Closed elastic power chain extending from the 8mm vertically oriented soldered hook to the mini-implant with a direction of force parallel to the occlusal plane.

Figure 3

Closed elastic power chain extending from the 8mm vertically oriented soldered hook to the mini-implant with a direction of force parallel to the occlusal plane.

The TPAs group: conventional anchorage

The TPAs group included 28 subjects (16 females and 12 males). Passive TPAs soldered to the upper molar bands (bent using 0.9mm stainless steel wire with the Coffin loop centred to the mid-palatal line and placed at about 1–2mm distant from the palate surface) were applied at the beginning of the treatment (Figure 4). Rectangular stainless steel archwires (0.019″ × 0.025″; True-chrome, RMO®) were inserted after levelling and alignment and canines were moved distally using closed elastic chains. After space closure or reaching a class I canine relationship, they were congregated with the posterior units to form one group and the anterior four incisor teeth were then sliding en-masse retracted (Figure 5). Patients were seen every 3 weeks until achieving a complete retraction of the four incisors or a good incisor relationship.

Figure 4

Passive transpalatal arches soldered to the upper molar bands.

Figure 4

Passive transpalatal arches soldered to the upper molar bands.

Figure 5

The anterior four incisor teeth were en-masse retracted after canine retraction.

Figure 5

The anterior four incisor teeth were en-masse retracted after canine retraction.

Cephalometric analysis and the primary outcome measures

Standardized lateral cephalometric radiographs were taken at three assessment times: T1, at the beginning of the treatment; T2, after levelling and alignment, and T3, after achieving a class I canine relationship and a good incisor relationship regardless of the molar relationship and any possible residual slight spaces distal to the canines. Dental measurements (linear and angular) are shown in Figures 6 and 7 and their definitions are given in Supplementary Table 1, available online. The primary outcome measures were the movement of the upper anterior teeth and the upper first molars along the mid-sagittal plane, whereas landmarks’ displacements in the vertical plane and skeletal and soft tissue variables were the secondary outcome measures in this study. To avoid assessment bias, a blinding procedure of the cephalograms was performed by professional Photoshop™ designer who familiarized herself with the appearance of TPAs, mini-implants, and soldered hooks on radiographs after a period of training and adaptation. Using Adobe Photoshop CS3 (Adobe systems Inc., Parc Ave, San Jose, California, USA), pre-designed templates representing the shape of mini-implants and soldered hooks were inserted into cephalograms of patients in the TPA group, whereas templates simulating the shape of TPAs were inserted into cephalograms of patients in the mini-implant group. The native resolution of images was not changed and care was given not to mask areas of important landmarks. Therefore, all radiographs had the three elements (TPAs, soldered hooks, and mini-implants) regardless to which group they belonged.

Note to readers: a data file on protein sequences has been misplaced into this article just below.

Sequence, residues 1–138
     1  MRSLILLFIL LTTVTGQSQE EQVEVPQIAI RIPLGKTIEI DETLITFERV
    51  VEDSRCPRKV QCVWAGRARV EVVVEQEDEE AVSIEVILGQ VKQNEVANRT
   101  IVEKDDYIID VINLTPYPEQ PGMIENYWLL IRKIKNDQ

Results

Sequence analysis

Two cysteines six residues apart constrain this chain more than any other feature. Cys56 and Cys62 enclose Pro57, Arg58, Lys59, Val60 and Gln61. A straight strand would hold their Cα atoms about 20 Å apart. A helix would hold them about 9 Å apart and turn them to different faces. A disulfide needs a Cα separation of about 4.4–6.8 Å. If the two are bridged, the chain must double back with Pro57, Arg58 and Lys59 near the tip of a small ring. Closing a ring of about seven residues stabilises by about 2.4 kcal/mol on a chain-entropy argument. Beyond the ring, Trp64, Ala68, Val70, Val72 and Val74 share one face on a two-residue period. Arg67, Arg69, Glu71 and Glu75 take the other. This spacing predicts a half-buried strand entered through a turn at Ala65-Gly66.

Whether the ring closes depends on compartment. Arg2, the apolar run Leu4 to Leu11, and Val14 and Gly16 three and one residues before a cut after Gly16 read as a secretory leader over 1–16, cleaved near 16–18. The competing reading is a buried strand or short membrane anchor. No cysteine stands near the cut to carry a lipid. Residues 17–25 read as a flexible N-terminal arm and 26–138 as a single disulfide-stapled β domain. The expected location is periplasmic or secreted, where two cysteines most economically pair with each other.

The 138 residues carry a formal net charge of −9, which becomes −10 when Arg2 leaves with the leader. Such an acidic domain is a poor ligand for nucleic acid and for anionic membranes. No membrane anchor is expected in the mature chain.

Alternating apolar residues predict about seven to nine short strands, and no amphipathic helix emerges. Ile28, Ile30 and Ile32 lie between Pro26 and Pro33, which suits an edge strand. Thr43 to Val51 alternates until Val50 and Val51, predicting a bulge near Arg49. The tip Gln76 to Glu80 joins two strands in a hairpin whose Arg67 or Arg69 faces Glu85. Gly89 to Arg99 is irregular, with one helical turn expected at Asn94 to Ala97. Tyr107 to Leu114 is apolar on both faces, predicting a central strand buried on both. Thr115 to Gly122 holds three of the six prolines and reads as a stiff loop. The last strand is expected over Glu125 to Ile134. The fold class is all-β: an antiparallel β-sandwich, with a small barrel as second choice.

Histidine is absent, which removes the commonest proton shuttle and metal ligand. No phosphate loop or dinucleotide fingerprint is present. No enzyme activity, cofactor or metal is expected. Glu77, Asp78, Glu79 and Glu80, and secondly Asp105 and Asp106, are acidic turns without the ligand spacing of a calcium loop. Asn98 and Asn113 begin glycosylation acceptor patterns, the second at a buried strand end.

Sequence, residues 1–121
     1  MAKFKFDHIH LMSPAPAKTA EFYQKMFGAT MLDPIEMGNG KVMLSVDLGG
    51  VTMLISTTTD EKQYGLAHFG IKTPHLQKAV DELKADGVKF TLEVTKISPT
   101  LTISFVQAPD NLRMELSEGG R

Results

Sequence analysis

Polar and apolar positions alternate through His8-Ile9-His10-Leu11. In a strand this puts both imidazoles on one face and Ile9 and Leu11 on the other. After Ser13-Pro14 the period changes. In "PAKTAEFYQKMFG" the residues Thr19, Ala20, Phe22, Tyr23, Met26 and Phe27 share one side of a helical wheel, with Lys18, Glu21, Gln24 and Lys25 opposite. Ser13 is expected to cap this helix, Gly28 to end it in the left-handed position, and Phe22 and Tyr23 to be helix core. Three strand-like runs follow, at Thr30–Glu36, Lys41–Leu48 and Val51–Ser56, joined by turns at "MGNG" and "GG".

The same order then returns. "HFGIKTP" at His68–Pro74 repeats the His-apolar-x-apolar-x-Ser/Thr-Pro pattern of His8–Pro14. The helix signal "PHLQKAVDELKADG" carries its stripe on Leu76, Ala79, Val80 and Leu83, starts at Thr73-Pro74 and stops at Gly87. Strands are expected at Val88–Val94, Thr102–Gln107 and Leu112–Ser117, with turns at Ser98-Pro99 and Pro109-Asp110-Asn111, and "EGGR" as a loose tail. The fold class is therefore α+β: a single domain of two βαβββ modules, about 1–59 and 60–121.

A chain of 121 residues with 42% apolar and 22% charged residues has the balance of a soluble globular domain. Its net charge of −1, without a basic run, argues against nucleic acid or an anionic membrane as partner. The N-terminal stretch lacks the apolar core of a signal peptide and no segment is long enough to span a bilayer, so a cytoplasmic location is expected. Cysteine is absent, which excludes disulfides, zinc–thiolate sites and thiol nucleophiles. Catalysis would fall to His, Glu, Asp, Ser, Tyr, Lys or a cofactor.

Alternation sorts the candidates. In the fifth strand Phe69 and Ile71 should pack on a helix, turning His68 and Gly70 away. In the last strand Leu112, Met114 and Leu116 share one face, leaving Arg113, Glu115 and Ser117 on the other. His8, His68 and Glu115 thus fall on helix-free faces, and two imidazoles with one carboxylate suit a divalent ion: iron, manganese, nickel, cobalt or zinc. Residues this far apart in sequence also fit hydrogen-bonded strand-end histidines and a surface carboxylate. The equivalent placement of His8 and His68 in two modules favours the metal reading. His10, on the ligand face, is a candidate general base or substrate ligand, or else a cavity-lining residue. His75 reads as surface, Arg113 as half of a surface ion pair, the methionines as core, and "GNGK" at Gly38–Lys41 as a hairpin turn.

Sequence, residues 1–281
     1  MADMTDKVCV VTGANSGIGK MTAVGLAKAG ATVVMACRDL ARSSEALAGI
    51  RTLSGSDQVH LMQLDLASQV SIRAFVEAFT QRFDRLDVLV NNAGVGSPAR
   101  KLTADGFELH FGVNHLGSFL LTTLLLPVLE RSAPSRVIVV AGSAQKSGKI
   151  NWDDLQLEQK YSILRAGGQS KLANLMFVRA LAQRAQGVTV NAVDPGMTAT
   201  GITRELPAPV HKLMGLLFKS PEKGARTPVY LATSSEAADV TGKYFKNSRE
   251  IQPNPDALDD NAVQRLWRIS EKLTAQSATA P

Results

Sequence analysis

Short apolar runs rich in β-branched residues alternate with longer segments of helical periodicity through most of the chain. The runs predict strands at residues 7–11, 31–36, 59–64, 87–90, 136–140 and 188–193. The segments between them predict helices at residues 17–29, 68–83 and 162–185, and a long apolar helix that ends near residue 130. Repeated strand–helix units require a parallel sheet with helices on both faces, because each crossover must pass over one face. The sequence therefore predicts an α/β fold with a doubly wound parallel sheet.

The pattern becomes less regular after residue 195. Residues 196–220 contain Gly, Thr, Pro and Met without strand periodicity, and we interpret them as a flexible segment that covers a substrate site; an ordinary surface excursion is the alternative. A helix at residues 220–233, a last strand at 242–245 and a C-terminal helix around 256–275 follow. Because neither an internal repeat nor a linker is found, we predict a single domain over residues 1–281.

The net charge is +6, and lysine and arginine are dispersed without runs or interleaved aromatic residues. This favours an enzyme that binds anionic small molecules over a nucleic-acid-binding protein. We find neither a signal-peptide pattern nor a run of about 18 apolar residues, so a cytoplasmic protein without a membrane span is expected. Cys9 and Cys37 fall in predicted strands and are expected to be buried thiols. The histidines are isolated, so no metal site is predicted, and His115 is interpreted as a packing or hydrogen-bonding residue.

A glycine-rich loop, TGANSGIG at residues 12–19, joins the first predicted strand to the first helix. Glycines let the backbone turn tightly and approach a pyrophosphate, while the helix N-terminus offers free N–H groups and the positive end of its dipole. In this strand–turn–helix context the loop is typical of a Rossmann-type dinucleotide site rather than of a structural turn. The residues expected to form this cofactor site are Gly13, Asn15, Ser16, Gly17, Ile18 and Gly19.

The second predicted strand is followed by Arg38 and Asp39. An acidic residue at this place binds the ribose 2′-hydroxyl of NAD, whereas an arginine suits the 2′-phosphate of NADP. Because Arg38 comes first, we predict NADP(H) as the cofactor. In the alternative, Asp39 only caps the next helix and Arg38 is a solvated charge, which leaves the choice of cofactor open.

Figure 6

Angular measurements. 1, SNA; 2, SNB; 3, ANB; 4, SN-GoMe; 5, MM; 6, UI.SN; 7, LI.Go-Me; 8, IIA; 9, nasolabial angle. (See Supplementary Table 1, available online, for variables’ definitions).

Figure 6

Angular measurements. 1, SNA; 2, SNB; 3, ANB; 4, SN-GoMe; 5, MM; 6, UI.SN; 7, LI.Go-Me; 8, IIA; 9, nasolabial angle. (See Supplementary Table 1, available online, for variables’ definitions).

Figure 7